Many of the framed documents had burnt edges, lending a romantic air to misfortune. A fire at her home in Hudson, New York, in 1993 devoured much of the material surrounding Morrison’s early novels: notes, outlines, letters, diagrams. The curators of the exhibit, led by Autumn Womack, an associate professor of English and African American Studies, were blessed with the kind of discovery archivists dream of: Morrison had also scribbled notes in the margins of her day planners, some of which had survived the flames. One placard read: “Scorched and delicate, these pages reveal the tension between the presumed stability of an archival object and its fragility.”
An exhibit of archival materials is about as close to putting an author in a museum as you can get. It sits somewhere between, say, a tour of the writer’s home—which feels akin to celebrity worship—and an exploration of the writer’s words, which feels like the scholar’s remit. At what level should the curation be pitched? How biographical should the placards be, how academic? The question that hovers over all literary tourism of this kind is: Who is this for?
This question intensifies when it comes to Toni Morrison. As the exhibit demonstrated in a section called “Beginnings,” Morrison was an archetypal writer: she was on the staff of her high school newspaper; she acted in Shakespearean plays at Howard University; she experimented with pen names (Should she go by Chloe, her given name, or Toni, a shortening of her baptismal name, Anthony?); she wrote insecure letters to editors about whether The Bluest Eye was a real novel. What the exhibit never quite manages to capture is that Morrison was truly exceptional, too—a black woman born in 1931 who didn’t go just to college (already a rarity) but also to graduate school at Cornell in 1955, where she wrote a master’s thesis on Faulkner and Woolf, both of whom had only recently become canonical. Morrison is still one of the only black editors to dot the snowy landscape of publishing; after she left Random House in 1983, the number of black authors published there dropped precipitously.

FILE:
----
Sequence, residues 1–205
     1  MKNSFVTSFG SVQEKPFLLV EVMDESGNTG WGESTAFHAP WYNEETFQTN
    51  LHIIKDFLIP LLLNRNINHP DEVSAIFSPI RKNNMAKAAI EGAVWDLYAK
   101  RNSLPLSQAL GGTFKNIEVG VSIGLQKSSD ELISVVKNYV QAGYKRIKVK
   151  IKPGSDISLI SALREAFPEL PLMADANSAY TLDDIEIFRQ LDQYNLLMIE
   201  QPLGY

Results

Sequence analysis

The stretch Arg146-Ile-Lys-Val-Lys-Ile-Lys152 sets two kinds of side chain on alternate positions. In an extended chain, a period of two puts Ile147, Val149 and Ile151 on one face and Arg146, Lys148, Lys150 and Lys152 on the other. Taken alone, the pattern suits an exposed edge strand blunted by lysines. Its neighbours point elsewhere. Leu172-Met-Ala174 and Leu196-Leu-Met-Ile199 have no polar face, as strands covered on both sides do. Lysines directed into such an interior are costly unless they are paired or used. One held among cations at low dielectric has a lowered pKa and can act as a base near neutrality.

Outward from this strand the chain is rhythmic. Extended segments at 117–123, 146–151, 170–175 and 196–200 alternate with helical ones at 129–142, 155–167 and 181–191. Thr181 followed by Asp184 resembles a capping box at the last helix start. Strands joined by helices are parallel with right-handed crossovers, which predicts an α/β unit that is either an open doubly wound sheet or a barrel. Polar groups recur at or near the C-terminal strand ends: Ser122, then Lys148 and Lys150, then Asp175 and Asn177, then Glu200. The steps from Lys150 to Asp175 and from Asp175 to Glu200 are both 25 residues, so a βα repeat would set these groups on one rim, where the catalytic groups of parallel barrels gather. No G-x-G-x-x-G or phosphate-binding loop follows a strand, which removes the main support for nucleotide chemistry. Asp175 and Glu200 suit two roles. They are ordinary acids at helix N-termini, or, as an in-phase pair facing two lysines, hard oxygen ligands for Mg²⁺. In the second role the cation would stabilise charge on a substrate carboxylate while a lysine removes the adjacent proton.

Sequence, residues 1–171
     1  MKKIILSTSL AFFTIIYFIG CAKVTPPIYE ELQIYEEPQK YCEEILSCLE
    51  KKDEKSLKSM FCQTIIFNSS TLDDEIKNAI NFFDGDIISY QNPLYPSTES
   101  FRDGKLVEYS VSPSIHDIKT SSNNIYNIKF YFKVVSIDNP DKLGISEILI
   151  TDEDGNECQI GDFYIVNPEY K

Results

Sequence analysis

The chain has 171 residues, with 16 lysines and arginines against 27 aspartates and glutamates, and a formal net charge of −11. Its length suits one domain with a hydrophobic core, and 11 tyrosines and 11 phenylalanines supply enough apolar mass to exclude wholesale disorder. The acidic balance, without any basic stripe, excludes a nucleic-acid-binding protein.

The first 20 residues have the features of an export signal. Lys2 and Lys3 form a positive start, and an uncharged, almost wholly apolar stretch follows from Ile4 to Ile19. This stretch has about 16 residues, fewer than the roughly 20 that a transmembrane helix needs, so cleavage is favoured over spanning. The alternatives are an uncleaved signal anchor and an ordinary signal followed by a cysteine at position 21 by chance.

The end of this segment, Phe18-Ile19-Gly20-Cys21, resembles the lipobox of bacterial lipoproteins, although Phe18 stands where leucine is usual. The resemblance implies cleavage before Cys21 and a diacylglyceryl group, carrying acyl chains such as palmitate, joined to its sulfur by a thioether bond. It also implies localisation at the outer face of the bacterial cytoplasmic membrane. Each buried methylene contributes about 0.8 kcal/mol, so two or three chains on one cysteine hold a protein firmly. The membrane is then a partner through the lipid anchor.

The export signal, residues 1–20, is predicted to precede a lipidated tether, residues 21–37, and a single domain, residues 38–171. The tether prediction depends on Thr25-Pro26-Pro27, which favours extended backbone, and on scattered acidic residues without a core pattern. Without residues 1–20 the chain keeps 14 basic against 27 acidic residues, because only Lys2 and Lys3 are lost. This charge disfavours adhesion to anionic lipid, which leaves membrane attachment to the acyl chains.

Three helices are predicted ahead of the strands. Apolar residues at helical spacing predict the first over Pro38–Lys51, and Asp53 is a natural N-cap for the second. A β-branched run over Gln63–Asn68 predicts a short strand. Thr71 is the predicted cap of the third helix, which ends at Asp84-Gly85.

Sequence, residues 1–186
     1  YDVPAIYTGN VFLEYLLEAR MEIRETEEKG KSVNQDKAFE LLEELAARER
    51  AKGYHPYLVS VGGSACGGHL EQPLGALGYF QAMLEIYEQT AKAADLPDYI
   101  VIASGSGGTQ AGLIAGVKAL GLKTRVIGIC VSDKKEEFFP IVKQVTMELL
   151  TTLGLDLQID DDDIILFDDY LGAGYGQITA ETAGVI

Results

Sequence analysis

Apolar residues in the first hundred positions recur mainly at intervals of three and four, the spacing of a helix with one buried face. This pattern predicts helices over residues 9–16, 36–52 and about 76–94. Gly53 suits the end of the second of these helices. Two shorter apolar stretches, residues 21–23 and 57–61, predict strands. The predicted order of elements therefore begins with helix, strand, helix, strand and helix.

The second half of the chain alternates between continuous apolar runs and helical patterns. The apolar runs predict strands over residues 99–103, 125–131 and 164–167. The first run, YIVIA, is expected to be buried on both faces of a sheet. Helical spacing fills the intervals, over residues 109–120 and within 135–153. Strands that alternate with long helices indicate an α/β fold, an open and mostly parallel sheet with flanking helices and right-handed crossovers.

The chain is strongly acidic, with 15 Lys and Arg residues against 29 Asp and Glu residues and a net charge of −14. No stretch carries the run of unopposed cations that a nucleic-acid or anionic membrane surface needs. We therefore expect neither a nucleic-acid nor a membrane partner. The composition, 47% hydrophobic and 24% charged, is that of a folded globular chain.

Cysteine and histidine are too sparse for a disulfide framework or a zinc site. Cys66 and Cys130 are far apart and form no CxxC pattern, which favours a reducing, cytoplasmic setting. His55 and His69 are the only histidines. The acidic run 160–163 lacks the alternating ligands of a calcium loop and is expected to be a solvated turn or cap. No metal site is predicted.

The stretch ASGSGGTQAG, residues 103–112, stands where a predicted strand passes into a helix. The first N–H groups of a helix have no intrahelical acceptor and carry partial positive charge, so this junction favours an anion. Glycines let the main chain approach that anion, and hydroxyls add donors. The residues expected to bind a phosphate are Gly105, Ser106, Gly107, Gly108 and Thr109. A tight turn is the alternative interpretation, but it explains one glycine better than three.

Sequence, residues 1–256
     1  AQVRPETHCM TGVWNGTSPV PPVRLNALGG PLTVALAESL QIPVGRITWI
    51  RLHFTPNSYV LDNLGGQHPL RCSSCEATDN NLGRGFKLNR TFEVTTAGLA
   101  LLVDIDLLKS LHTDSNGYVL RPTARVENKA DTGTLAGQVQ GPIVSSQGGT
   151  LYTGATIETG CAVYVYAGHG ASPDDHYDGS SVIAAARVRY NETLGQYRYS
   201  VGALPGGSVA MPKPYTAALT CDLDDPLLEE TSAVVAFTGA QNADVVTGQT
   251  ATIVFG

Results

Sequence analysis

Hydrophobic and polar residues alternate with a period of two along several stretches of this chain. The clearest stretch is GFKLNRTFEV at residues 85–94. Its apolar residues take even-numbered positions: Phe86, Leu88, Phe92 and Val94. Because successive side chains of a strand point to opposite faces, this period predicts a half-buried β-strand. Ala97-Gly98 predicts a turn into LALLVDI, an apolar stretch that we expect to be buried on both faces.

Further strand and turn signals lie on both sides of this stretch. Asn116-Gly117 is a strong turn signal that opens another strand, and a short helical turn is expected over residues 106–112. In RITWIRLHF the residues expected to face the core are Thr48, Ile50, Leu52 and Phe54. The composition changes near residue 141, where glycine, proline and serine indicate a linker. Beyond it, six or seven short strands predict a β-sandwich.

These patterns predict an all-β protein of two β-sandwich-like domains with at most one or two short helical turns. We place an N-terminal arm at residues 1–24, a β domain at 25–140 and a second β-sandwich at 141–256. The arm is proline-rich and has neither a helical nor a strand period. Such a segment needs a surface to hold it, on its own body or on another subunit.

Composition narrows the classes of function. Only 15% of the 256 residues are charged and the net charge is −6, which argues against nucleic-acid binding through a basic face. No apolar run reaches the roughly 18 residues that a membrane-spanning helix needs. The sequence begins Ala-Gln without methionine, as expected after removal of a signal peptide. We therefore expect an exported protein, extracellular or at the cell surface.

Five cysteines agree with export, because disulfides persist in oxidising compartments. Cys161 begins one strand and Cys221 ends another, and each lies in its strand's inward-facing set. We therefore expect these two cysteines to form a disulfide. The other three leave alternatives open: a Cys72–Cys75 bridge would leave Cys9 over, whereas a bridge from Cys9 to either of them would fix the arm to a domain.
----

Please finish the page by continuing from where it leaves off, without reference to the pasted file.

Despite the seemingly widespread availability of artifacts of Morrison’s public persona—including a charming, jumbly documentary, The Pieces I Am (2019)—one cannot assume that the average American knows anything of her singular life. This is the biographical conundrum. When it comes to the writing, the question of audience gets even more complicated. Her novels are by now classic works of American literature that can be considered in the context of their making and reception: When, how, and with what influences and responses? But the books are difficult, and they aren’t well known enough for her materials to be exhibited without substantial supporting analysis.
The exhibit gamely negotiated these difficulties by working on two levels, informing the intrigued while gifting the informed with hidden Easter eggs. For instance, it presented the first and last page of an early unpublished short story, “Gia,” to signal the start of her literary career but also to titillate those of us who thought she’d written only one short story, “Recitatif.” Yet I, for one, was more struck by the realization—which the exhibit didn’t seem to note, and which I probably shared with only a handful of other visitors—that a line in “Gia,” about a nail driving its way up through a foot, eventually became an origin story for Pecola’s mother in The Bluest Eye.